6. In the Bureau’s submission, any regulatory framework should encompass all aspects of an ISP’s offer that consumers value.Footnote 29 The framework should address all forms of differential billing by ISPs, but should also address the non‑price factors that ISPs control, such as quality of services. Otherwise, the regulatory framework may contain gaps that could permit harm to competition.
  7. Notwithstanding the above, in circumstances where other legitimate policy objectives exist, such as ensuring that Amber Alerts are provided on a zero‑rated basis, the CRTC should consider exercising its discretion to balance any negative effects on competition with other effects in the public interest.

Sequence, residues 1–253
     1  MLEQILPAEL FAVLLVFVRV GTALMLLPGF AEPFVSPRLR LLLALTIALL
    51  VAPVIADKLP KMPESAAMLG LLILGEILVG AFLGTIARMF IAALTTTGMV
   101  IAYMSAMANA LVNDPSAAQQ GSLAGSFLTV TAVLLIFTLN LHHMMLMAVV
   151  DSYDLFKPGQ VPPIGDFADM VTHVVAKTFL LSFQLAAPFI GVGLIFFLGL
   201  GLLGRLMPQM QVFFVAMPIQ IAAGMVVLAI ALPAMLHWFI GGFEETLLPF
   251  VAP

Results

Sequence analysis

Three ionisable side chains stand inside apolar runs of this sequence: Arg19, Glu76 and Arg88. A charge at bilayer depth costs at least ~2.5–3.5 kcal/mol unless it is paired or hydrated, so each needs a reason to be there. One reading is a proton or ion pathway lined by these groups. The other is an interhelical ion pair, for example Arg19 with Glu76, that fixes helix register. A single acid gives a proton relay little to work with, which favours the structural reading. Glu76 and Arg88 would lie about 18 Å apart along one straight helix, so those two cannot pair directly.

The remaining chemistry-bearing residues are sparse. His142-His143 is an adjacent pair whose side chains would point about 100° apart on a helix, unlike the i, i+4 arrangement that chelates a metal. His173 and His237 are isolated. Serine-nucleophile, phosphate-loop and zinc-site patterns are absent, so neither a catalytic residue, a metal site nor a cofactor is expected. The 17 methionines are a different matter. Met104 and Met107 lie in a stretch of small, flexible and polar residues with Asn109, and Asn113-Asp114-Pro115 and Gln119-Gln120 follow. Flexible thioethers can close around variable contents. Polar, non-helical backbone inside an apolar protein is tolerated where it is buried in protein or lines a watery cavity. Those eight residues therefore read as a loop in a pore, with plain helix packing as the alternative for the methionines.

8. Additionally, in the Bureau’s submission, when differential pricing does not affect competition, the practice should not be prohibited. This type of conduct generally falls into one of two categories:
    1. First, differential pricing that does not favour affiliated content is a legitimate form of competition that should not be prohibited. When an ISP favours unaffiliated content, it does so in an effort to enhance its competitive offering to entice consumers to switch to its internet services from competing services. This is competition at work.
    2. Second, other types of differential pricing that do not affect competition should be permissible. For example, zero‑rating applications that enable consumers to monitor data usage is only problematic if an ISP does so in order to favour its affiliated application versus a third party option. Similarly, zero‑rating services during a particular time period is also unlikely to harm competition unless it somehow confers an advantage on affiliated content.